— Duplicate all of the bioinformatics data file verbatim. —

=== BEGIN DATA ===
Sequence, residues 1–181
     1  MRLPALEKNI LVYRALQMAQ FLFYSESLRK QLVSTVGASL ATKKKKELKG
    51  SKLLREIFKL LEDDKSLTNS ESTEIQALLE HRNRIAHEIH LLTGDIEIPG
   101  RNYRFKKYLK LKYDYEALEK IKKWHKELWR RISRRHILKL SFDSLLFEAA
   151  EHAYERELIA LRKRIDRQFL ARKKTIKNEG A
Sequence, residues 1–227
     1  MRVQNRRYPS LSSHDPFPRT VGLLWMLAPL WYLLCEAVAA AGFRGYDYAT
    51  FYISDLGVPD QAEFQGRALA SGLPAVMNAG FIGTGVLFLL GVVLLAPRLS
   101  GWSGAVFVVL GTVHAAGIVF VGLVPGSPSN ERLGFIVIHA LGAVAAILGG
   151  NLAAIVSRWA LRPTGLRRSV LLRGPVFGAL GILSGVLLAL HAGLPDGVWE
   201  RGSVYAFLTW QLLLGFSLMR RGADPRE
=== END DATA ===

Sequence, residues 1–181
     1  MRLPALEKNI LVYRALQMAQ FLFYSESLRK QLVSTVGASL ATKKKKELKG
    51  SKLLREIFKL LEDDKSLTNS ESTEIQALLE HRNRIAHEIH LLTGDIEIPG
   101  RNYRFKKYLK LKYDYEALEK IKKWHKELWR RISRRHILKL SFDSLLFEAA
   151  EHAYERELIA LRKRIDRQFL ARKKTIKNEG A
Sequence, residues 1–227
     1  MRVQNRRYPS LSSHDPFPRT VGLLWMLAPL WYLLCEAVAA AGFRGYDYAT
    51  FYISDLGVPD QAEFQGRALA SGLPAVMNAG FIGTGVLFLL GVVLLAPRLS
   101  GWSGAVFVVL GTVHAAGIVF VGLVPGSPSN ERLGFIVIHA LGAVAAILGG
   151  NLAAIVSRWA LRPTGLRRSV LLRGPVFGAL GILSGVLLAL HAGLPDGVWE
   201  RGSVYAFLTW QLLLGFSLMR RGADPRE